“In Part 3, ‘Downtown Manhattan real estate bounces back,’ Prudential Douglas Elliman Executive Rob Gross recalls the initial shock to the Manhattan real estate market in the months just after the Sept. 11, 2001 terrorist attacks, and the unprecedented real estate boom that quickly followed. He said there are many more places to live in downtown Manhattan today than in the years prior to Sept. 11, and that new development in the district is driving a lot of real estate sales activity.”
21 Things Every Home Inspector Should Know
New book provides practical advice for entering and building a successful home inspection career – or not!
“21 Things Every Home Inspector Should Know,” by veteran industry writers Frank Cook and Pat Remick, is a straightforward briefing on a great business that can be emotionally rewarding and lucrative, but definitely is not for everyone. “21 Things…” dismisses industry misconceptions without pulling any punches about what it takes to succeed. No, you don’t need to be strong, but yes, you do need to be comfortable around creepy, crawly
critters. Yes, you need to understand how homes work, but more importantly, you need to be able to explain its systems in their simplest terms to fretful homebuyers.
“More than 7 million homes are changing hands every year and consumers are demanding to know what they’re getting,” says co-author Pat Remick. “Inspectors can’t just hang out a shingle anymore. States are regulating them and training is mandatory.”
The book includes interviews with dozens of the industry’s most respected home inspectors, who provide practical advice on all facets of the industry to help potential inspectors:
• Assess if they have the skills and the personality to enter the business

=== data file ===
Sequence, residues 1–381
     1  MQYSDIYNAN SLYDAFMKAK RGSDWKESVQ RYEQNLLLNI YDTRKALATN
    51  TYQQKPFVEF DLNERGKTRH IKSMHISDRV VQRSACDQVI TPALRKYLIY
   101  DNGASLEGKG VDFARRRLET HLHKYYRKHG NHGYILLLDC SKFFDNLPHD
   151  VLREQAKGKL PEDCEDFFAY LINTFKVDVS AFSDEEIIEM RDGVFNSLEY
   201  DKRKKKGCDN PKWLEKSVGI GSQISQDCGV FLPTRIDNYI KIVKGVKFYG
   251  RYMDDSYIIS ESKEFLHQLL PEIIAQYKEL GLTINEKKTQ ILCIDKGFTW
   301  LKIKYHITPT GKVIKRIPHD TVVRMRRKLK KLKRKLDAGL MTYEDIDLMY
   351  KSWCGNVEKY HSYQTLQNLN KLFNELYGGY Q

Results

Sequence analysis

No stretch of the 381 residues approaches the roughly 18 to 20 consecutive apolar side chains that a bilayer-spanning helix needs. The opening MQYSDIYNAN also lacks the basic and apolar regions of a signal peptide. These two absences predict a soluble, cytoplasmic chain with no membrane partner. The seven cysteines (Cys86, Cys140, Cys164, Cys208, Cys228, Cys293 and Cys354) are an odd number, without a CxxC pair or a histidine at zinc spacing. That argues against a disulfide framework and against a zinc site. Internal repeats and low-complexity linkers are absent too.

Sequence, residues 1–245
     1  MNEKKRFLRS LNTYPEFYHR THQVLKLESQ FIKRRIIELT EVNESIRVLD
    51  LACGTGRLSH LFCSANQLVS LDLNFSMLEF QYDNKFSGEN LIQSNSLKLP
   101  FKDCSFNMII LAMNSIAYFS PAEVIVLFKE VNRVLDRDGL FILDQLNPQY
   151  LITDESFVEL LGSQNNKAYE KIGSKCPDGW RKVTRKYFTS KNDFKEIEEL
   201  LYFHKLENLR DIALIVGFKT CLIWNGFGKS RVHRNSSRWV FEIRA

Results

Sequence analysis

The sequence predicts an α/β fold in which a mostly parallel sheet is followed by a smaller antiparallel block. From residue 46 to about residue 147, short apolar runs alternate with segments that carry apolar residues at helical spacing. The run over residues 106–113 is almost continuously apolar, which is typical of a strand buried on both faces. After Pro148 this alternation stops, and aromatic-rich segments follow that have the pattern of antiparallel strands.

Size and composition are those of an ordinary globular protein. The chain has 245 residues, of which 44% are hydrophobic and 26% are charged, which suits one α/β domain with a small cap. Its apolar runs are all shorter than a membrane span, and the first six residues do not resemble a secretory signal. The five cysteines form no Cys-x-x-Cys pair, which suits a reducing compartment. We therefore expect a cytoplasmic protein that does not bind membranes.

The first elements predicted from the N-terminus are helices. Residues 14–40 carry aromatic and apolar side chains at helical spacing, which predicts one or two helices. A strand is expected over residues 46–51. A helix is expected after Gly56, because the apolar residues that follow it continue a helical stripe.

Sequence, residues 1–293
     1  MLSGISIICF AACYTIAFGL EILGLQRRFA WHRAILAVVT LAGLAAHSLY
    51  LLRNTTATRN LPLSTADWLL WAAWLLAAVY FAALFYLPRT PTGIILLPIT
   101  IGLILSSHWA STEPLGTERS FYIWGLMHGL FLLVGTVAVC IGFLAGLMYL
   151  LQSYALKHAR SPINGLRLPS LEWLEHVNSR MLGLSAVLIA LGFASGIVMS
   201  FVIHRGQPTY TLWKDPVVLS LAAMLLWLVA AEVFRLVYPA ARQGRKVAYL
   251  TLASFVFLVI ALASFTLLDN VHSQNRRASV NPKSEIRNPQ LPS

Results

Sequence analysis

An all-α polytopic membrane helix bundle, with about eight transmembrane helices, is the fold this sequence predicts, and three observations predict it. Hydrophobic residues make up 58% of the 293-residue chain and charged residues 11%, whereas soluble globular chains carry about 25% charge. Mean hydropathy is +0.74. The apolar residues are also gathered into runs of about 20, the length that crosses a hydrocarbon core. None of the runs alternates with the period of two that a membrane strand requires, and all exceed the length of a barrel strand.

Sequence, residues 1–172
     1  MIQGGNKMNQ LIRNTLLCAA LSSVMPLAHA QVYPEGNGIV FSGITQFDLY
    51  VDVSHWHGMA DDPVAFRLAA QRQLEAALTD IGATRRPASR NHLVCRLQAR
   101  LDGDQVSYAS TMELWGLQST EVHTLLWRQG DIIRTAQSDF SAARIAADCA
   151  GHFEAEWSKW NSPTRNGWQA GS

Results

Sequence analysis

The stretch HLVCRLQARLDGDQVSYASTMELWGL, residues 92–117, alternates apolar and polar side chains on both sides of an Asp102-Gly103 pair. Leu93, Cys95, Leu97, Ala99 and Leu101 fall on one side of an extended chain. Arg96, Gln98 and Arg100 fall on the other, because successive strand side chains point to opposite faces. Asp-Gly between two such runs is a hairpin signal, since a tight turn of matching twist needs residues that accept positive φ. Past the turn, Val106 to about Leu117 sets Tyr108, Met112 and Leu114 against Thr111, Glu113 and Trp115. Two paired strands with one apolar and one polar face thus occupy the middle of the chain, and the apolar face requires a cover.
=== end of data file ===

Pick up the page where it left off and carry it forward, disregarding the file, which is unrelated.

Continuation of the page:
• Learn of critical resources to help them understand the business such as trade industry associations, and to network
• Analyze the start-up costs, potential income and liabilities of starting their business
• Learn to market themselves and their business
• Become aware of the dangers of
It also provides readers with insight into industry politics and ethical issues, as well as first-hand testimonials from women working in the home inspection industry.
“Over the years, we have learned that the home inspection business is more than just looking for cracks and leaks,” says co-author Frank Cook. “Knowing how a house works is one thing, but knowing how people work, how they think about their homes and the politics of the industry is another.”
Frank Cook is a nationally recognized real estate industry expert, having covered the real estate business for more than 20 years.
Pat Remick has been the editor and co-owner of The Real Estate Intelligence Report since 1989. “21 Things Every Home Inspector Should Know” ($24.95, 220 pages, paperback, ISBN: 0-7931-9623-X) is available now in bookstores including the ASHI Store at www.ashi.org.
About Dearborn Home Inspection Education
Dearborn Home Inspection Education, a Kaplan Professional company, publishes training materials for current and aspiring home inspection
professionals. Its products were authored by Carson Dunlop & Associates, one of the largest independent home inspection firms in North America. To find out more, visit www.dearborn
homeinspection.com, or call 800-903-6036.<